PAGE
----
Findings

Perceived organisational support and perceived pay equity are primary antecedents of symbolic incentive meaning reflected in the financial incentive of the pay-for-performance policy. Symbolic incentive meaning comprising dimensions of relative position, control and personal importance relates positively to innovative behaviour of knowledge workers. Psychological empowerment and work engagement are partial mediators of the positive relationship.

Originality/value

The current study explicates why and how social exchange attributes of the financial incentive provided by the pay-for-performance policy may enhance innovative behaviour of knowledge workers. Implications are supplied to knowledge management scholars and practitioners to optimise the pay-for-performance policy for innovative behaviour enhancement.

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Journal of Knowledge Management, vol. 22 no. 8
Type: Research Article
ISSN: 1367-3270

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Article
Publication date: 1 September 1999

Patrick A. Traichal, George W. Gallinger and Steve A. Johnson

Identifies three approaches to controlling the agent‐principal conflict for CEOs (market discipline, compensation structure and monitoring mechanisms) and reviews previous…

Abstract

Identifies three approaches to controlling the agent‐principal conflict for CEOs (market discipline, compensation structure and monitoring mechanisms) and reviews previous relevant research. Develops a mathematical model of the relationship between pay‐for‐performance sensitivity and external monitoring; and tests it on 1971‐1993 US data. Presents the results, which suggest that the sensitivity is significantly affected by monitors, growth opportunities and CEO share ownership. Considers consistency with other research and the implications of the findings.

Details

Managerial Finance, vol. 25 no. 9
Type: Research Article
ISSN: 0307-4358

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Article
Publication date: 1 January 2006

Harm van Vijfeijken, Ad Kleingeld, Harrie van Tuijl, Jen A. Algera and Henk Thierry

To evaluate a proposed prescriptive model for the design of effective combinations of performance goals and pay‐for‐performance plans for the performance management of teams.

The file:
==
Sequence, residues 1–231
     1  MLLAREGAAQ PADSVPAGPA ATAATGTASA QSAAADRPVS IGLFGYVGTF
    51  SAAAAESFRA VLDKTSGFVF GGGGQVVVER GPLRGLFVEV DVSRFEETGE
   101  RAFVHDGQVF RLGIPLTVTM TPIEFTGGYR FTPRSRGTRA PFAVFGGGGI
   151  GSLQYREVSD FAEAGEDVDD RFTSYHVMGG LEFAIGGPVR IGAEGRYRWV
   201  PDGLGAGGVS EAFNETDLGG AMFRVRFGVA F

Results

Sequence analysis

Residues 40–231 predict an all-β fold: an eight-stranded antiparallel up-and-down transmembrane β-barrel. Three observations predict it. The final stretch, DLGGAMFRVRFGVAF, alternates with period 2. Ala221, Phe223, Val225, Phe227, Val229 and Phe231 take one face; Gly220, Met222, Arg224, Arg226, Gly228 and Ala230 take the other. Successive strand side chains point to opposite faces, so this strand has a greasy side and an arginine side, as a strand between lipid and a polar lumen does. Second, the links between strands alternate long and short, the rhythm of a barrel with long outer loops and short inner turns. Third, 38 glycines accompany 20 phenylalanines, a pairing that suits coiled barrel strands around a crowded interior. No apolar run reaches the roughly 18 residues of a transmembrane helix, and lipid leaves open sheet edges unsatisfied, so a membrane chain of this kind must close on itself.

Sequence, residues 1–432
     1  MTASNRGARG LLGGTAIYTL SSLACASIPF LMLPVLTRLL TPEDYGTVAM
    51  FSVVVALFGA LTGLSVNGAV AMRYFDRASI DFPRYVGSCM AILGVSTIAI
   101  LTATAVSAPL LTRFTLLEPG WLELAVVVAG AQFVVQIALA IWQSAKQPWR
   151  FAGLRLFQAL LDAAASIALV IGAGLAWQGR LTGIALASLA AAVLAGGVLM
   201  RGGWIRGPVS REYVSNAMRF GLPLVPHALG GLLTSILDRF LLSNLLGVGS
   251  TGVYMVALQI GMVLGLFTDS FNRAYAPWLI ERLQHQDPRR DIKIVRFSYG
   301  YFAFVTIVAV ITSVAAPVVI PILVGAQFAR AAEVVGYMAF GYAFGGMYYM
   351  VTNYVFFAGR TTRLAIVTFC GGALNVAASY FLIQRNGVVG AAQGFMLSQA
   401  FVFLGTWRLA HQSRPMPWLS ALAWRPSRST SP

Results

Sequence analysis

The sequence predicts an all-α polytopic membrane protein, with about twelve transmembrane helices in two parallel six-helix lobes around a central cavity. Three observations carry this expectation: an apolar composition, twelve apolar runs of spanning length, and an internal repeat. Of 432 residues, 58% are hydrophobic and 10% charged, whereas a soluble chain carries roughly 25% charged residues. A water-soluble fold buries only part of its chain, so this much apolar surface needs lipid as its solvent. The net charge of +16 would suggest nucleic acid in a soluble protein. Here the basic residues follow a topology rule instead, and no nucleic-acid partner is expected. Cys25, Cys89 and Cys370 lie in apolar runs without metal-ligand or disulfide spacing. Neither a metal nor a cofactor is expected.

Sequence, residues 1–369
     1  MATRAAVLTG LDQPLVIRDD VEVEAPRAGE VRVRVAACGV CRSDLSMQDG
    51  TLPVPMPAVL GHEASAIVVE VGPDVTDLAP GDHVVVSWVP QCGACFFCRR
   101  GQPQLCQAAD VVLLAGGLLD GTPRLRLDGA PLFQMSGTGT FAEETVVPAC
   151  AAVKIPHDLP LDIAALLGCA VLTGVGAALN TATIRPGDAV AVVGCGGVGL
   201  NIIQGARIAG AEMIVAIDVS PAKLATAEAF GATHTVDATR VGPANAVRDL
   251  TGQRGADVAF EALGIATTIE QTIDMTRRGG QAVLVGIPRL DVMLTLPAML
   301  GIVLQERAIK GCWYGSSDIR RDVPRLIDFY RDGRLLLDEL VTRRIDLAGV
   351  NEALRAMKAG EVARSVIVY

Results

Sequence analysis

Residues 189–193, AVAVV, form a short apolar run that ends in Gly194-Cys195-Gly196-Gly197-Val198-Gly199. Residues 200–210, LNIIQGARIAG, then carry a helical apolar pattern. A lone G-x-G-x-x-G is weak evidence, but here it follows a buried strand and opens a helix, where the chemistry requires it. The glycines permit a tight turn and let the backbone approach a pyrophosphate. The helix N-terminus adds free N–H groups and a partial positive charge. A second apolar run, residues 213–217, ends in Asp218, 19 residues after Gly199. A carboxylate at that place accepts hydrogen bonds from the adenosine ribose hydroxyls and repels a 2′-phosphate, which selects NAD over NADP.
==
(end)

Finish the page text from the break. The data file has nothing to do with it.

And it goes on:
Abstract

Purpose

To evaluate a proposed prescriptive model for the design of effective combinations of performance goals and pay‐for‐performance plans for the performance management of teams.

Design/methodology/approach

The idea underlying the model – in which task, goal, and reward interdependence and their fit play a dominant role – is that a pay‐for‐performance plan should support the team goals and the goals of individual team members as well as support the way in which team members need to cooperate. To obtain a first notion on the model's validity, it was applied to evaluate a pay‐for‐performance plan for management teams at a large IT company. This evaluation consisted of an in‐depth study of three management teams, using a case study methodology.

Findings

Combinations of fit among type of team, performance goals, and pay‐for‐performance plan (established by a fit between the interdependence constructs and/or by an overlap in the content of the goal and pay indicators) are more effective than combinations of misfit.

Research limitations/implications

The case study was limited to intra‐team interdependence relationships and did allow for a analysis of the separate effects of a fit between the interdependence constructs versus content fit.

Practical implications

This study shows that pay‐for‐performance plans should not be designed in isolation, but rather in alignment with performance goals and existing task interdependencies.

Originality/value

This is the first study to investigate the three inter‐dependence constructs in conjunction in a field setting.

Details

Personnel Review, vol. 35 no. 1
Type: Research Article
ISSN: 0048-3486

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Article
Publication date: 5 March 2018

Kostas Selviaridis and Martin Spring

The purpose of this paper is to understand how buyers and suppliers in supply chains learn to align their performance objectives and incentives through contracting.

Abstract

Purpose

The purpose of this paper is to understand how buyers and suppliers in supply chains learn to align their performance objectives and incentives through contracting.

Design/methodology/approach